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Monday, October 02, 2023 — Houston, TX

New study spots opened up on campus

Illustrated by Chloe Xu

By Bonnie Zhao     2/1/22 10:30pm

Rice expanded its study space options since Jan. 18, opening up selective rooms in Rayzor Hall, Duncan Hall and Kraft Hall on a reservation basis.

Rayzor Hall rooms 106, 113 and 123, Duncan Hall room 1046 and Kraft Hall rooms 103 and 104 will be accessible for students. The Rayzor Hall lobbies will continue to be open until 1:45 a.m. via swipe access.

Clemente Rodriguez, chief of the Rice University Police Department, said that Rayzor and Duncan Hall rooms can be reserved by checking out a key from Fondren library from 10 p.m. to 1 a.m. Sunday to Thursday.

“For [Rayzor and Duncan], you can check the key out at Fondren library because the Fondren staff is there after hours. They’re been very gracious in helping us with this project,” Rodriguez said. “[Kraft Hall] has [its own] online reservation system that students can go online and reserve the space at, so you don’t have to check out a key, and the hours are a little more expanded.”

Lila Frenkel, Duncan College president, said that she advocated for more study spots after seeing a lot of traditional study spaces being much more crowded than in the past when she returned to campus last fall.

“As a senior, I [also felt like] I had exhausted many study spots on campus and was looking for new ones,” Frenkel wrote in an email to the Thresher. “With the increase in the student population size over the next few years, it seemed like an issue that was worth resolving.”

Frenkel said that the college presidents met with Dean of Undergraduate Students Bridget Gorman and presented the idea of expanding study spots.

“I sent her a more formal proposal in writing with the request to specifically open Kraft Hall, Rayzor Hall and Duncan Hall. These study spaces spanned different areas on campus, and already have lounges or nooks that make them conducive to study,” Frenkel wrote. “Dean Gorman then presented our proposal to the provost and the deans of each school (engineering, social sciences, etc.).”

According to Gorman, the proposal was reviewed by Provost Reginald DesRoches, Vice President for Administraion Kevin Kirby, Rodriguez and herself.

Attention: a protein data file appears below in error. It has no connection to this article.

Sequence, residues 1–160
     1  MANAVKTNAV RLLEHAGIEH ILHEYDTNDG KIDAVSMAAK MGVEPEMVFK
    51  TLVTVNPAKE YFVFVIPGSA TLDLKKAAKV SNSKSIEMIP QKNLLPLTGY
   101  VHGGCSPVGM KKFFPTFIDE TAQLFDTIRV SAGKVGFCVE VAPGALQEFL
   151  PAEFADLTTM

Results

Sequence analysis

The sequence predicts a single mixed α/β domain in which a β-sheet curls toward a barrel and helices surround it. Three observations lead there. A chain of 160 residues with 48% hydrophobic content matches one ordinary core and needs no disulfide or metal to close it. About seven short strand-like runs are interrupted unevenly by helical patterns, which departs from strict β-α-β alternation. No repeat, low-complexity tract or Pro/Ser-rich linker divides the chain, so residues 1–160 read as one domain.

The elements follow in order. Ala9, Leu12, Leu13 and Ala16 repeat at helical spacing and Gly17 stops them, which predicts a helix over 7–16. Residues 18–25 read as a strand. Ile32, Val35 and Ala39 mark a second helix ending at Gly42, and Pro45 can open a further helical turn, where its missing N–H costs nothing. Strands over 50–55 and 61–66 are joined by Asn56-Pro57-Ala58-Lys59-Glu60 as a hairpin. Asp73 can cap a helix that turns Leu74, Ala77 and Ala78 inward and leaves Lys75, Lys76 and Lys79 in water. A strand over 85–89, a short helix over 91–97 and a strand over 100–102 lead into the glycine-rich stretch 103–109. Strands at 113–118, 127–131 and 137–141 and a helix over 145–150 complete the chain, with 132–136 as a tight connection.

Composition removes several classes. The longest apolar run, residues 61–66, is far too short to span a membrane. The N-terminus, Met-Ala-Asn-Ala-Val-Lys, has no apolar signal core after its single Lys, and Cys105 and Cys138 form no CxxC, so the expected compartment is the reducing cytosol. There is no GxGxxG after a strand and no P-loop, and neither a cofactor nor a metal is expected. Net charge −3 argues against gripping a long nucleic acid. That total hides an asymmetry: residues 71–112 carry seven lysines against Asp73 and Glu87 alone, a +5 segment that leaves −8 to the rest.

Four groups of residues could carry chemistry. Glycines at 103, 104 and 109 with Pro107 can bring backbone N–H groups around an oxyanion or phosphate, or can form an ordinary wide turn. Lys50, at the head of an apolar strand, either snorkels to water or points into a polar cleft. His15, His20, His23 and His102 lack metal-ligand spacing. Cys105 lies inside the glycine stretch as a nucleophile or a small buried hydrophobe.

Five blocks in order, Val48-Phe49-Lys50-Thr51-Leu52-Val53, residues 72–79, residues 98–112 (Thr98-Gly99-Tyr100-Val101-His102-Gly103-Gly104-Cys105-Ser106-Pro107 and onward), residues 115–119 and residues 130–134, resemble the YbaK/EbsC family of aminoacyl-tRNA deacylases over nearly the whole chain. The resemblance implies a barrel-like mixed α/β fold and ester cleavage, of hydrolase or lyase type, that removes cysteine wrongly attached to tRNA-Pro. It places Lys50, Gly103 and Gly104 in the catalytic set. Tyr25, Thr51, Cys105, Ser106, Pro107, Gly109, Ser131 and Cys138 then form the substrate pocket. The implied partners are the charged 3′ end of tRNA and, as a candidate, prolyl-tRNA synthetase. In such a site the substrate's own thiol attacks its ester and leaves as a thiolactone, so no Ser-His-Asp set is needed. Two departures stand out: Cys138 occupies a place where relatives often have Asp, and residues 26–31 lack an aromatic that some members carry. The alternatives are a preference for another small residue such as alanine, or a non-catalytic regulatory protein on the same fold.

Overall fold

“We started discussing this last semester. It took a bit longer than expected because of some scheduling complications, but it proceeded rather quickly once conversations on their request happened,” Gorman said.

According to Rodriguez, prior to the COVID-19 pandemic, only Rayzor Hall allowed students to study there after hours.

“So this time around, we looked at expanding it to make some options available for students that are more convenient on the north side of campus, which is why we selected Duncan Hall,” Rodriguez said. “We also are using Kraft Hall for people in the furthest south side of the campus residential area.”

Rodriguez said that even though COVID-19 was not a huge factor in their decision, the new study spots can help with the administration’s effort to increase social-distancing.

“Adding [these] additional spaces, it allows for large groups to maybe break up a little bit and study in separate spaces, and in a way that people feel more comfortable,” Rodriguez said. “Most of the [Fondren study rooms] are pretty small. And these [new] spaces are large enough that people can safely study in a group together.”

Rodriguez said that opening up more study spots on campus is a possibility, but the safety and security of students are his biggest priorities.

“You want to be careful about having too many buildings open. [If] somebody needed help, we might not be able to know that because there’s too many spots to be checked,” Rodriguez said. “For example, as long as we know students are in [the new spaces] working after hours, or could be in there working after hours, our security folks will do a few rounds just to make sure everybody’s okay.”

Frenkel said that university administration was extremely supportive of this proposal.

“They helped arrange meetings with the correct offices to get it done as quickly as possible,” Frenkel said. “This project is a great example of students and administration working together to improve campus.”

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